Atlantic Philanthropies

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Celebrating Irishness: Charles ‘Chuck’ Feeney

The Silver Voice

18 March 2011 - Original Source

Charles Feeney was born to a working class family in New Jersey, USA in the early 1930′s. His father’s mother hailed from near Kinawley, in Co Fermanagh, from where she emigrated to the USA.

In the 1960′s he co-founded Duty Free Shoppers, which sold luxury goods ‘duty free’ in Honolulu and Hong Kong and which eventually became hugely successful, making the partners very wealthy. DFS was to become one of the largest liquor retailers in the world and in 1997, Feeney sold his interest to Louis Vuitton  Moët Hennessy (LVMH).

In 1988, the Forbes Rich List ranked Feeney in the top 20 richest people, with estimated wealth of €1.3billion.  But, in reality his wealth was much less as he had in 1982 transferred much of it – reportedly between $500 million and $800 million -  to a charitable foundation, The Atlantic Foundation. Based in Bermuda to avoid disclosure requirements in the USA and to give Charles Feeney the anonymity he craved, The Atlantic Foundation was the first of The Atlantic Philanthropies.  A very private and modest man, the story of Charles (Chuck) Feeney was not well known until the 1990s when in an interview with The New York Times he revealed that he was the benefactor of one of the top 5 philanthropic foundations in the world.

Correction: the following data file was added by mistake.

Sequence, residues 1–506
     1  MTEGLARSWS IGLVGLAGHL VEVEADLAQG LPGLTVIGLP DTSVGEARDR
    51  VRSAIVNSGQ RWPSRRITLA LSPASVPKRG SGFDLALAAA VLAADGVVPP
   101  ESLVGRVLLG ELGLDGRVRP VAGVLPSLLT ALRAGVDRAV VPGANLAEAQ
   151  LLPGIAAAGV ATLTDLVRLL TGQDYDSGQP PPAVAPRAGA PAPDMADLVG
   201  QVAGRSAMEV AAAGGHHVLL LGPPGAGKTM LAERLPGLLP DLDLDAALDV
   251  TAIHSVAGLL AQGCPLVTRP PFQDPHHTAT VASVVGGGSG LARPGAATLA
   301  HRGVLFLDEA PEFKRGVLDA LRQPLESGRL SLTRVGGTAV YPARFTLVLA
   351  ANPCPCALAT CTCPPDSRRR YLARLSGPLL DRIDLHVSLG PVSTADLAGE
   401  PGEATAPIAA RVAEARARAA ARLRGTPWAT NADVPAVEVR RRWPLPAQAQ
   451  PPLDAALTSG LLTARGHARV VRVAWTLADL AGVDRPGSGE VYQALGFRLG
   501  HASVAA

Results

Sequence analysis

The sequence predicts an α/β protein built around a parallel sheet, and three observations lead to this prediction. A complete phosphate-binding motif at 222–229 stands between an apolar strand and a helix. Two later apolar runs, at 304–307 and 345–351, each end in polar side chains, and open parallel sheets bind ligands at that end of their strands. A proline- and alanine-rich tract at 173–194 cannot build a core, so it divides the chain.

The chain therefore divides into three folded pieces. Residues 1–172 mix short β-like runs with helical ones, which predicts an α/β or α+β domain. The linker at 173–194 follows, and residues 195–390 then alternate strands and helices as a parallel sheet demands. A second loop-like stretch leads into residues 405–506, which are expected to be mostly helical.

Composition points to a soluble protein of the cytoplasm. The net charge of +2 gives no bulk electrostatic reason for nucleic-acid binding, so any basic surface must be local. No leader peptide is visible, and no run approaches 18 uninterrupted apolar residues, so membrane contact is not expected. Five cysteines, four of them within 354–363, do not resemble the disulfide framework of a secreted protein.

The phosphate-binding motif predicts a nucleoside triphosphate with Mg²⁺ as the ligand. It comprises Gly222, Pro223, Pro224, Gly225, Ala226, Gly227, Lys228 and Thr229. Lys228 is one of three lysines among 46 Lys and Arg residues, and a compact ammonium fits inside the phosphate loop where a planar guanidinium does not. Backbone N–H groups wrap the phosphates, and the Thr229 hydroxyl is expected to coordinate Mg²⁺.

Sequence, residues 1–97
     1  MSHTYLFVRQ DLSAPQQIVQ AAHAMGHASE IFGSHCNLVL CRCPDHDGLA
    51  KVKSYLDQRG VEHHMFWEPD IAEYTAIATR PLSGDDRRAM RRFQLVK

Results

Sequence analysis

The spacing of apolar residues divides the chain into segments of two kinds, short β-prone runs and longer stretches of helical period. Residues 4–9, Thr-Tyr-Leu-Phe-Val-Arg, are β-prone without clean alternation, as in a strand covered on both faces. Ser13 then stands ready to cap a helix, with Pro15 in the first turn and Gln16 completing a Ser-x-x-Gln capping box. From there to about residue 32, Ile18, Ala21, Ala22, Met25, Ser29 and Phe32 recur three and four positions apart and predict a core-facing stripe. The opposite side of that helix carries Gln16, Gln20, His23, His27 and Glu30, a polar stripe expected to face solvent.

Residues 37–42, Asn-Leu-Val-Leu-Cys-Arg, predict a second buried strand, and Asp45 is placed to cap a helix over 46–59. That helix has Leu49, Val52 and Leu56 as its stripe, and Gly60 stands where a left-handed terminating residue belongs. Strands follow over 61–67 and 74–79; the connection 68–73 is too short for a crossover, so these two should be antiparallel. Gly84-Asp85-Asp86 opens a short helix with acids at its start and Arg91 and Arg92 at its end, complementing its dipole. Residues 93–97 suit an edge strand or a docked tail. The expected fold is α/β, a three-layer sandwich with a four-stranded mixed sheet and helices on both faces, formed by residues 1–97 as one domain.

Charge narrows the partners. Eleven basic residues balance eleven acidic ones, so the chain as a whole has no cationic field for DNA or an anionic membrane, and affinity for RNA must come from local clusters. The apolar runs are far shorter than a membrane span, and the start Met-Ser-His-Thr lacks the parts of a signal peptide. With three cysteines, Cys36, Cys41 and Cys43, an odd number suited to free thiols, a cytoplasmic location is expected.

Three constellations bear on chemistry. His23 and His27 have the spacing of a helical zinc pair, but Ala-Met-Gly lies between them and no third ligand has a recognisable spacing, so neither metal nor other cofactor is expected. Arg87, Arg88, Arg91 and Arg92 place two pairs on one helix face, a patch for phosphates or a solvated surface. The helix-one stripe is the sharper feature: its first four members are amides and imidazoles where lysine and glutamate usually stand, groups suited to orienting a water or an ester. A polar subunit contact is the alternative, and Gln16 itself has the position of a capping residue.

In 1987, the Enniskillen Bombing had a profound impact on Feeney.  His grandmother having emigrated from the same county, meant he had family roots here and he became determined to try to effect change  in Northern Ireland.  He  joined with other Irish Americans liaising between the White House and various parties in Northern Ireland to try to broker a peace agreement.  He had as a particular and personal  agenda the aim of encouraging the Republicans to join in mainstream politics and he personally funded the Sinn Fein Office in Washington D.C.  for some years.  (Atlantic Philanthropies is precluded from funding political parties.)

It was no